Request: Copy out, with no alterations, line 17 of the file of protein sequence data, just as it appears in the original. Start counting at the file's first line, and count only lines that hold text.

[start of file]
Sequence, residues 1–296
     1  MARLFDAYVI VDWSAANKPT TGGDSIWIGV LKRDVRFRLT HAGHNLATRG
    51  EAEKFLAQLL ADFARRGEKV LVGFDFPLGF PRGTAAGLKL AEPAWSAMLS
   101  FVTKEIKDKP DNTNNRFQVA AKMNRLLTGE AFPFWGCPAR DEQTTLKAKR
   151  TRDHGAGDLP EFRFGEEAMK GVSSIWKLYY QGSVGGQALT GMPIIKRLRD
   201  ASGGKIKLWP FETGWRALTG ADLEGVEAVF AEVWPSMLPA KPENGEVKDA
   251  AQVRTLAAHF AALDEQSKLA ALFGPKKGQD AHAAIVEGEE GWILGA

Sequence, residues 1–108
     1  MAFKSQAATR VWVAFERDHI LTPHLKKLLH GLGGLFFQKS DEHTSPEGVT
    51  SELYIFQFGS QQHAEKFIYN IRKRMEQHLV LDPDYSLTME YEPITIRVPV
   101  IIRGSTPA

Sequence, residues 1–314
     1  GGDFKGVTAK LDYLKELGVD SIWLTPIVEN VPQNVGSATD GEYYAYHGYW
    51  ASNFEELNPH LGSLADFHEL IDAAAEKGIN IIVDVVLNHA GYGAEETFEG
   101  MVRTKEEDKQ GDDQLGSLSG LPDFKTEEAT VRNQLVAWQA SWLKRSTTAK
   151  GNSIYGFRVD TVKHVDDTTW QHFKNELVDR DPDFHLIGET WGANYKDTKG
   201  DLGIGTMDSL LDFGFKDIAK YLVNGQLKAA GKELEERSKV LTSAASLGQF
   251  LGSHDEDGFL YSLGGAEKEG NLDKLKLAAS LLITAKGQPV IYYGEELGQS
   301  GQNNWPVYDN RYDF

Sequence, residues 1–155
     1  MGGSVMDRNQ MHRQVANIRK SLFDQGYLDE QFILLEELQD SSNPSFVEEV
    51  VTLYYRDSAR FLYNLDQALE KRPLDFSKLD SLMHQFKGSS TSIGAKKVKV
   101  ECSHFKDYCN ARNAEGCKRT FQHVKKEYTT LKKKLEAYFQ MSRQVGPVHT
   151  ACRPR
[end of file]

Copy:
   201  DLGIGTMDSL LDFGFKDIAK YLVNGQLKAA GKELEERSKV LTSAASLGQF